U.S. lawmakers need to make up their minds about support for ethanol so the industry can grow and expand motor-fuel supplies, said Jeff Broin, the chief executive officer of the largest U.S. biofuels producer.
Congress should allow more of the fuel to be put into gasoline and to increase support for industry infrastructure, Bruin, who runs Poet LLC, said in testimony prepared for delivery today before the Senate Agriculture Committee. Efforts to scale back ethanol subsidies are making it difficult for potential investors to evaluate risk, he said.
“What the ethanol industry really needs is simple stability,” he said. “Government incentives and blending targets are far less effective when their future is in doubt.”
House Republicans last month passed legislation that would roll back an Environmental Protection Agency decision to raise the amount of ethanol allowed in motor fuels for newer vehicles to 15 percent from the current 10 percent. Other proposals have called for the immediate end of a 45-cent-a-gallon credit to blenders of the fuel, which cost about $6 billion last year, as a way to reduce the federal-budget deficit.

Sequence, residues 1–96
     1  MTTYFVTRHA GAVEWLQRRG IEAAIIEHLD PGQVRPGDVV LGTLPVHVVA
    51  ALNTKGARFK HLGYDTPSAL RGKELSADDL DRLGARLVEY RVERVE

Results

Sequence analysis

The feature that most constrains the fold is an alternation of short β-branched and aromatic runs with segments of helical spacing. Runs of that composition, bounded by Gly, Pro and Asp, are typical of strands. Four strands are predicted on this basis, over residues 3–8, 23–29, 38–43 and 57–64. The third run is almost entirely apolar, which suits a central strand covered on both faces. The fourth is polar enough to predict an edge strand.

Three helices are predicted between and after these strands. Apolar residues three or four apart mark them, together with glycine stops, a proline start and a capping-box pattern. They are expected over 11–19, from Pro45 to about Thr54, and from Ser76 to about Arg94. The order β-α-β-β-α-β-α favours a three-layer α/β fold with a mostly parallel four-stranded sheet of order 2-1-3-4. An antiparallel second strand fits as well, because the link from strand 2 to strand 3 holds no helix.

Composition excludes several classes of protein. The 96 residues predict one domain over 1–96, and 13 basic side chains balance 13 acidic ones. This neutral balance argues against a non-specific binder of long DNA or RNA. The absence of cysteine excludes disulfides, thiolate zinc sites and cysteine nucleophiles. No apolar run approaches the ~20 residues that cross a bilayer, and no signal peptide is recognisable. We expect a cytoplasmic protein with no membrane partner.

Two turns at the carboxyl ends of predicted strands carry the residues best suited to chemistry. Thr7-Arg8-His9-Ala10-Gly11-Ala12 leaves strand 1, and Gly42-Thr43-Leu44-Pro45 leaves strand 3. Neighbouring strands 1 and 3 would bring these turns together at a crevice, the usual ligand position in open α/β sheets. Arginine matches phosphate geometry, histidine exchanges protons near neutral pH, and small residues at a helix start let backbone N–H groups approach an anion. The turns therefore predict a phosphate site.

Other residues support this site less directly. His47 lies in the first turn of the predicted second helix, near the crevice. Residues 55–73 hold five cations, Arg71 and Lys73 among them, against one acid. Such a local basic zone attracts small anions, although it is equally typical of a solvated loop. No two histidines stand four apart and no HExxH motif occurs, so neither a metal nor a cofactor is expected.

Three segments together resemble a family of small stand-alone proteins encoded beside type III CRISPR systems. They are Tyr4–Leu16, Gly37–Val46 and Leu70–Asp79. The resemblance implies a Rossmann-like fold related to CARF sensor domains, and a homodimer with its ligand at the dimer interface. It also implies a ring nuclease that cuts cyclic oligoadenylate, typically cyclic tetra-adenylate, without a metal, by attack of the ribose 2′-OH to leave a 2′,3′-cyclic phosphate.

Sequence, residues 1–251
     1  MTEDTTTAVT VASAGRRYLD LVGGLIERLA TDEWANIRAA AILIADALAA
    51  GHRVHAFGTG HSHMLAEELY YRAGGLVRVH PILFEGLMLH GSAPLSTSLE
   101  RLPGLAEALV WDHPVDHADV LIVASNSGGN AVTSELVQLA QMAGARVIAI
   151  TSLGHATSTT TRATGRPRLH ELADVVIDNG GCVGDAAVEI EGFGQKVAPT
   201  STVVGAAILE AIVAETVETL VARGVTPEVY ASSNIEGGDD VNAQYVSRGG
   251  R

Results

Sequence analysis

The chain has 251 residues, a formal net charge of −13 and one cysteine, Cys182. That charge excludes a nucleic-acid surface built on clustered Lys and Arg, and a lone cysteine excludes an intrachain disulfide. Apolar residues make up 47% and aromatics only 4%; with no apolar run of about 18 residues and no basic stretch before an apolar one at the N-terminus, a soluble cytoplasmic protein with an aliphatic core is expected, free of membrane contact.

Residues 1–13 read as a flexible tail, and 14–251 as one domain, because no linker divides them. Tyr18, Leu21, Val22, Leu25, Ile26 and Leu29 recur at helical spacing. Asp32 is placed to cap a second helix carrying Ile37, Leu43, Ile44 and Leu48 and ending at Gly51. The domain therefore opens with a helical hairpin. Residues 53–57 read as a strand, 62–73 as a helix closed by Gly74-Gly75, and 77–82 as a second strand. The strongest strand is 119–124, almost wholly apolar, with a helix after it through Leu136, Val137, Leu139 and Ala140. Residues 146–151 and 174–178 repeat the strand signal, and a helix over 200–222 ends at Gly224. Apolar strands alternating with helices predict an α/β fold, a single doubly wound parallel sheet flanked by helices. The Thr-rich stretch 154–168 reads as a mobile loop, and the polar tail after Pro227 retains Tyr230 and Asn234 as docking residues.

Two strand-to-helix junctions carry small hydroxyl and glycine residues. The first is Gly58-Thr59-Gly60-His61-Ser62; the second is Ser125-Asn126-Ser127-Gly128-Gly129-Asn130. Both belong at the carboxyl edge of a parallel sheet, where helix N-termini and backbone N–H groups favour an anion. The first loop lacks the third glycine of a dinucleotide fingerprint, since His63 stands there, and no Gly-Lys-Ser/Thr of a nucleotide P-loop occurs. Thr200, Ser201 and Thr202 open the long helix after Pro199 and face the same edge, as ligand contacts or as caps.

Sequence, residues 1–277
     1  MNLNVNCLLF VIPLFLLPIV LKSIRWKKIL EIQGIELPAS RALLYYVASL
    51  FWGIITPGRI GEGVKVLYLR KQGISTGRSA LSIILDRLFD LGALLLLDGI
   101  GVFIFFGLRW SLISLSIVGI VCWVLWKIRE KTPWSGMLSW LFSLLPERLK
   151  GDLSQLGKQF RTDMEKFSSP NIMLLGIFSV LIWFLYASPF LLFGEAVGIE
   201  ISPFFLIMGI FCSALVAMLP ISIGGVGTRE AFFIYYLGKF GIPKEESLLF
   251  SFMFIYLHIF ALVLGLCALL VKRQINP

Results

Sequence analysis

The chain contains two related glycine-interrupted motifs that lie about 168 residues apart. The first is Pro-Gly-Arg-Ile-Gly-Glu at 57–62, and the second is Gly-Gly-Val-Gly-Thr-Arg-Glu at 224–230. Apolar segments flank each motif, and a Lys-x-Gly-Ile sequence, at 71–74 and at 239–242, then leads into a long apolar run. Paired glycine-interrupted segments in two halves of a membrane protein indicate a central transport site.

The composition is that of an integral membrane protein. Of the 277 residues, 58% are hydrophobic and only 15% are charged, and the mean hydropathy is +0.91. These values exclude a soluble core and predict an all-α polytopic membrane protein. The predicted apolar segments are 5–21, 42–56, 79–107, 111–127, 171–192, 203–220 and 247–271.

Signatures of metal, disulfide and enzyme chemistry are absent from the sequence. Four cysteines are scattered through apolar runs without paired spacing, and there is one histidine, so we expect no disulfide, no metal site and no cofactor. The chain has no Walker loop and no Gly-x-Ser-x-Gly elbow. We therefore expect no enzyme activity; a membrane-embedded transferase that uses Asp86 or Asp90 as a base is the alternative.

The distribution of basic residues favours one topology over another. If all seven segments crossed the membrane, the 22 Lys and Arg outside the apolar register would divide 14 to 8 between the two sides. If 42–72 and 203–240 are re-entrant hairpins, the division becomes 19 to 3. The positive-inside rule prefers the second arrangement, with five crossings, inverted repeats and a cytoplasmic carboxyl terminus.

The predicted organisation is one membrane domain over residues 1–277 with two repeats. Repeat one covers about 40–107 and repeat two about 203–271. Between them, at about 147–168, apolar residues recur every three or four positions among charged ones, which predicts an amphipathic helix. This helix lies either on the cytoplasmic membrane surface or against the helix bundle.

Growth Energy, an industry lobbying group, has proposed a “Fueling Freedom” plan that would scale back the credit in return for more investment in ethanol infrastructure, including more blending pumps at gas stations.
Poet, based in Sioux Falls, South Dakota, and companies including Verenium Corp. (VRNM) and BP Plc are investing in developing commercially viable cellulosic fuel, which can be made from grasses and farm waste. Still, the bulk of the alternative- energy source continues to be corn.
Ethanol has been criticized by groups ranging from the American Meat Institute to the UN Food and Agriculture Organization for driving up the cost of corn, making livestock more expensive to feed and food less affordable for the world’s hungriest people. Industry advocates say biofuels will be necessary to meet the world’s energy needs.
The U.S. had 204 ethanol plants operating or under construction with total annual capacity of more than 13.7 billion gallons as of March 28, according to the Renewable Fuels Association, a Washington-based trade group.
Today’s hearing was called to examine the recent increase in gasoline prices. Before today, futures traded in New York jumped 24 percent this year as violence in the Middle East and northern Africa jeopardized crude-oil supplies.
Other witnesses include Richard Newell, the head of the U.S. Energy Administration, and Dan Berkovitz, general counsel for the Commodity Futures Trading Commission.